A University of Arkansas football player whose gridiron career was cut short by too many concussions, Michael Yo decided to instead pursue standup comedy, which somehow makes complete sense. He’s since made his mark on “America’s Got Talent” and on various red carpets for “E! News,” “Extra,” and “The Insider.” So you can expect some stinging pop culture commentary when he comes to Laugh Boston this Thursday, Friday, and Saturday, along with his unique perspective on being both Black and Asian in modern-day America, which must be interesting. (Thursday, Sept. 14, 8 p.m.; Friday, Sept. 15, 7 p.m.; Saturday, Sept. 16, 7 and 10 p.m.; Laugh Boston, 425 Summer St., Boston; $33) — Peter Chianca
The oldest public beach in America, Revere Beach is known for its annual sand sculpting competition, but that’s not the only artsy event that happens there each summer. This Sunday, the Revere Beach Partnership hosts its sixth annual Revere Beach Art Festival, which takes place on Revere Beach between the Markey Bridge and Wonderland Station. Art vendors selling their pieces line the beach, and guests can enjoy live music, art activities, and even a live art competition. Proceeds from last year’s festival went to scholarships for Revere High School art students pursuing a higher education in art. (Sunday, Sept. 17 from 11 a.m.-4 p.m.; Revere Beach, Revere; free) — Natalie Gale
Willie Nelson turned 90 a few months ago, but the country music legend is still on the road, and the 2023 edition of his Outlaw Music Festival is bringing him to the Xfinity Center this Saturday along with a bunch of his friends. The fest’s name comes from “outlaw music,” a phrase that came about when, in the 1970s, Nashville country artists Nelson and Waylon Jennings began seeing success outside of the usual Nashville circles, leading what would eventually be dubbed the outlaw country movement. Nelson had been a thriving songwriter and struggling performer. He would go on to bring that second part up to speed, and become a superstar — as a solo artist, in the group The Highwaymen, and, of course, staying on the road. Set to join him at this year’s Outlaw Music Festival are Bobby Weir and Wolf Bros, The String Cheese Incident, Los Lobos, and Particle Kid. (Saturday, Sept. 16, 5 p.m., Xfinity Center, 885 S. Main St., Mansfield. $35-149) — Ed Symkus
This Rosh Hashanah, you can let your supper be hosted by Urban Hearth in Cambridge. The dinner will feature four courses, using hyper-seasonal and local foods. You’ll be able to dine on smoked salmon bisque, vadouvan-spiced carrots with whipped pepita, herb, and mustard green salad and honeycomb, and beef cheek braised in red wine. For dessert, enjoy a challah and apple bread pudding with rose hip ice cream and whey caramel. The meal, created by chef and owner Erin Miller, will cost $85 per person. (Friday and Saturday, Sept. 15-16; Urban Hearth, Cambridge; $85;) —Shira Laucharoen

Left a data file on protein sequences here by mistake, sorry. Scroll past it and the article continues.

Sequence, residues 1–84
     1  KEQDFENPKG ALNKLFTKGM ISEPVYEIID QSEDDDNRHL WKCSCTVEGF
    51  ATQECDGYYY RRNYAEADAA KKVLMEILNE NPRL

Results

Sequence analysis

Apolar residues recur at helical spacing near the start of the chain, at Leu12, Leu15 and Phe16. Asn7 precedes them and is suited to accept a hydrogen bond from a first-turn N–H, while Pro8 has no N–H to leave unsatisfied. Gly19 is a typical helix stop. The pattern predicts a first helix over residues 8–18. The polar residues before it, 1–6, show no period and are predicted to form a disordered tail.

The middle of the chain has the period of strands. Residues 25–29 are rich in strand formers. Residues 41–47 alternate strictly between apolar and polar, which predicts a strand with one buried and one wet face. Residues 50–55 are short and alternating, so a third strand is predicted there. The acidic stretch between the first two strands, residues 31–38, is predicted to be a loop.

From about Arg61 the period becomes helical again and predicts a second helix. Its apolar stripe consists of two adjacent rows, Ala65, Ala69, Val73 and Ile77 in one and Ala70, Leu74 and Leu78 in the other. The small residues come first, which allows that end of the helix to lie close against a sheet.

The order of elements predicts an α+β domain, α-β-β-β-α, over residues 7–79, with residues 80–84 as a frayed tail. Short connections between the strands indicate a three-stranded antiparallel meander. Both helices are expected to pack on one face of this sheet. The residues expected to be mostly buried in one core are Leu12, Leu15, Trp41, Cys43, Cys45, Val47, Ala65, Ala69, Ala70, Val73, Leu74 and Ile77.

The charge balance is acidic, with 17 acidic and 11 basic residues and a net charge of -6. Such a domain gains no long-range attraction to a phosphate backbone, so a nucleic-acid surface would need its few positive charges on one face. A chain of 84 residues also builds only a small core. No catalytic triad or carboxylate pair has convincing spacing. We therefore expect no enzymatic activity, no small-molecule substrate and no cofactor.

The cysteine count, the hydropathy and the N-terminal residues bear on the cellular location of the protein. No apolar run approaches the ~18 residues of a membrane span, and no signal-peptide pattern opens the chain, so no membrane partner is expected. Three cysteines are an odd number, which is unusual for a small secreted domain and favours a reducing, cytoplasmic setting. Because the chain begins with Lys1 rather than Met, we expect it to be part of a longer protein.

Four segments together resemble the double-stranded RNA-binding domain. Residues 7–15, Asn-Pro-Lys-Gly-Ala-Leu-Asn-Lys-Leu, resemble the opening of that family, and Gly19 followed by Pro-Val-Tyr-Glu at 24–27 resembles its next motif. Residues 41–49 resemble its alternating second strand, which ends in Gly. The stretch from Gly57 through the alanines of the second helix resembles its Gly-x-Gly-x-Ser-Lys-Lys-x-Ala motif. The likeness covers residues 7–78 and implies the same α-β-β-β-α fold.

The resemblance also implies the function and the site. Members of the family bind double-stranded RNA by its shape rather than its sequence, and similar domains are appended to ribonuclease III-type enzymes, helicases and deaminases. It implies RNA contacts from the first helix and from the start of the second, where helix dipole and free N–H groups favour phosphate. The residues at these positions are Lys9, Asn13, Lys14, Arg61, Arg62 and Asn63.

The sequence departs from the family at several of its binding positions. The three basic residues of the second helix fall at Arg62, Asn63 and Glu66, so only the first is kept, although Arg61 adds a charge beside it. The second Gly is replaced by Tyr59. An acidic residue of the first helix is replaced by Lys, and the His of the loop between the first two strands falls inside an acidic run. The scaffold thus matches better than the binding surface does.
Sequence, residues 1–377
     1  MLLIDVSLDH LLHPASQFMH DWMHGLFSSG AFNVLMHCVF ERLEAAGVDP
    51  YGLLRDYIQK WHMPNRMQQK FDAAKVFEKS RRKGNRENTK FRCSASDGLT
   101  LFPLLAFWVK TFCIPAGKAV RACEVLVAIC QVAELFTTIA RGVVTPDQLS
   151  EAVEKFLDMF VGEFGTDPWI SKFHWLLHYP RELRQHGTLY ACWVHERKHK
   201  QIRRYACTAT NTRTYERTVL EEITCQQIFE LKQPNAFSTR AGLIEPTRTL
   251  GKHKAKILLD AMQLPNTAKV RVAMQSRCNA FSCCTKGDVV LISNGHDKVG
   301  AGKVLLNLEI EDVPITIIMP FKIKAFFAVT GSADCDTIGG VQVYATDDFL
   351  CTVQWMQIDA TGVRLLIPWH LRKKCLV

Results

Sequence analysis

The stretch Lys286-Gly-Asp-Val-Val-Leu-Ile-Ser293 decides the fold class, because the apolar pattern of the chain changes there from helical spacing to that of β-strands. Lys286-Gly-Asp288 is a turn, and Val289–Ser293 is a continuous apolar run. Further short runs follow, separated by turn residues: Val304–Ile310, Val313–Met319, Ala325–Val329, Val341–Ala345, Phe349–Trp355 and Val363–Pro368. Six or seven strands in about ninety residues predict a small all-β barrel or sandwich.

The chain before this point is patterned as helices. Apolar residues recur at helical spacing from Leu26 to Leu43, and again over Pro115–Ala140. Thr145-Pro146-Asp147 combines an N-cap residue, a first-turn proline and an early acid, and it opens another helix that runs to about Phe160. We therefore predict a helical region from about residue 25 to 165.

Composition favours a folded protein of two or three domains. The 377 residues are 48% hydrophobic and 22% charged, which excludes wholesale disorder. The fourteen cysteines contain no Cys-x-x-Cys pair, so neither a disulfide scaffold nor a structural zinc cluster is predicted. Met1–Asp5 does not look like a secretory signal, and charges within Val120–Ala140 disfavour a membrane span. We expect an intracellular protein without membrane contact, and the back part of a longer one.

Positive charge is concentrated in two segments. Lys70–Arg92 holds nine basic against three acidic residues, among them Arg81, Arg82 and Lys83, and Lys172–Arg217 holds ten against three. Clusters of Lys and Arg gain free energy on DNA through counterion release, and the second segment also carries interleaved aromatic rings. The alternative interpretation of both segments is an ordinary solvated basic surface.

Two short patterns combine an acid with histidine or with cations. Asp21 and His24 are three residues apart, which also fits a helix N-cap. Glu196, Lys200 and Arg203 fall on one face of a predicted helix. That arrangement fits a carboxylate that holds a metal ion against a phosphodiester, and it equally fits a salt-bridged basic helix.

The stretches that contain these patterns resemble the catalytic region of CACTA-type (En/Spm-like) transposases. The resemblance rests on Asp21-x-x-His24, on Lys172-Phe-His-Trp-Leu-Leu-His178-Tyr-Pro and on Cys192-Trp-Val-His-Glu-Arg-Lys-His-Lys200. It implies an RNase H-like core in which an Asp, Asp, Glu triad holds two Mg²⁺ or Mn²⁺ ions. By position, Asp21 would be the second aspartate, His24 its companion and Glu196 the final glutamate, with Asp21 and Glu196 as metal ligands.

Now in its 23rd year, the South Boston Street Fest is an annual block party that brings together more than 100 local artists, merchants, and community organizations to a stretch of East Broadway between I and L Streets. Grab bites from local restaurants like Lincoln Tavern and Loco Taqueria and Oyster Bar, listen to live music from local acts like The Late Risers, and visit booths for local nonprofits like the Castle Island Association. (Saturday, Sept. 16 from 11 a.m.-4 p.m.; 646 E Broadway, Boston; free) — Kevin Slane
If you’re looking for something outdoors to do this weekend, think of stopping by the Boston Local Food Festival, held on the Rose Kennedy Greenway. When you’re not shopping and nibbling on bites to eat, you’ll be able to take in cooking demonstrations, a “seafood throwdown,” and a Family Fun Zone that’s perfect for kids. Vendors include Beraka Juice, Tender Food, Kays Curries, Red Apple Farm, and Taza Chocolate. At the event, brought to you by the Sustainable Business Network of Massachusetts and now in its 13th year, you’ll be supporting New England local food producers and businesses. (Sunday, Sept. 17 from 11 a.m.-5 p.m.; Rose Kennedy Greenway, Boston; free) —Shira Laucharoen